Immersive entertainment is bigger than a headset
Modern virtual reality has been hailed as the future of Hollywood entertainment, our science fiction fantasies come to life. But there’s an ongoing problem: most VR experiences just aren’t that interesting. Hampered by evolving hardware and a medium with no set rules or audience expectations, most virtual reality experiences come off as either glorified tech demos, or simulacra of other, more established types of content. They’re usually riffing on stories that would be better told as short films or traditional games.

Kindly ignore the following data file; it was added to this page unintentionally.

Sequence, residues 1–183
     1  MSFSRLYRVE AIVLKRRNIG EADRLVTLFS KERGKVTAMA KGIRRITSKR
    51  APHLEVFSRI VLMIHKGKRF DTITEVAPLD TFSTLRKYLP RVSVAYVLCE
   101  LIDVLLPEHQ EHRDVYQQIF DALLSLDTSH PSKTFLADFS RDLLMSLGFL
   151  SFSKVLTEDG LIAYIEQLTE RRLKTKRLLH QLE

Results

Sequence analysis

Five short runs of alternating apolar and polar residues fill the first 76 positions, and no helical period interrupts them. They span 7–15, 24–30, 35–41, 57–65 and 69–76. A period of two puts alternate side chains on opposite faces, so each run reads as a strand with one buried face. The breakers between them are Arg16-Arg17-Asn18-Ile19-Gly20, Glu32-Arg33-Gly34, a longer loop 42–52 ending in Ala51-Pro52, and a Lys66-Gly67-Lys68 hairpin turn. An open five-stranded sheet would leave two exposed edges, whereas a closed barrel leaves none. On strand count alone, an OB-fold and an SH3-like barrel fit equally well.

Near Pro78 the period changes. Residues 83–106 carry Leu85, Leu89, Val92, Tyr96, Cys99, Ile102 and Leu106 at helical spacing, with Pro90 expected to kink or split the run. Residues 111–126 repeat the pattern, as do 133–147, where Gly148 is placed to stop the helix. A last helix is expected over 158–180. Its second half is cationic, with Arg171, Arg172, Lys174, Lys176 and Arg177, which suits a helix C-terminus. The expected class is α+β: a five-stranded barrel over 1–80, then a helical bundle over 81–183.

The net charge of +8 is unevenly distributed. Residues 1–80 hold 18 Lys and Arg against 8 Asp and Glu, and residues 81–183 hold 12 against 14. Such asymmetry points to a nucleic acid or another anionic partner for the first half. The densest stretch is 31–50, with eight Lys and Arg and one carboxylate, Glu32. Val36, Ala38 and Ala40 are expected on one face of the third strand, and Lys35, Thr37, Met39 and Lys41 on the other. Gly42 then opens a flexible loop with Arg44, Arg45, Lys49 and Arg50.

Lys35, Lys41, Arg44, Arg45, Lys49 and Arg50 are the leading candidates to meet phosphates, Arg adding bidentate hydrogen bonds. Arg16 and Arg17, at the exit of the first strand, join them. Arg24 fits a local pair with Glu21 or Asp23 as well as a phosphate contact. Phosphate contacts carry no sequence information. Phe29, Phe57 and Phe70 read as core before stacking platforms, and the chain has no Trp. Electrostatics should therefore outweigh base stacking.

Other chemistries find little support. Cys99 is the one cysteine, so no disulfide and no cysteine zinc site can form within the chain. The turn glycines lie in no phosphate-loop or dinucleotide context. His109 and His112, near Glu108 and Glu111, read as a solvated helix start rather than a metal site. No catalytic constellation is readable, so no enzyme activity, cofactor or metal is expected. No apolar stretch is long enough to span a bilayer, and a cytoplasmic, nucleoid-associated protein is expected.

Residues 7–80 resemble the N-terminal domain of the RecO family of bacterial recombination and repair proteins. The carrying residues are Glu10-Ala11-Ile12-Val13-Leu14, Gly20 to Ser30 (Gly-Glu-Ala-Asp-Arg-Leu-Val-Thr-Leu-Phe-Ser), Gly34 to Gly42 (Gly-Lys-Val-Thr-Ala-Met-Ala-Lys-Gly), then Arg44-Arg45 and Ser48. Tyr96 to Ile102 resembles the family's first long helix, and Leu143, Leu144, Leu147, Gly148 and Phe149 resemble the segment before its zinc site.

It’s partially a matter of storytelling conventions. Cinema has had more than a century to develop its own language of shots, cuts, and transitions, while storytelling in VR is still in its infancy. Creators are still figuring out what the medium can even do, let alone how to best take advantage. But virtual reality is only one small sliver in the much larger continuum of immersive entertainment. Real-world entertainment experiences have been evolving in their own right, developing their own unique approaches to storytelling. In the process, they aren’t just engaging audiences — they’re showing the way forward for virtual reality.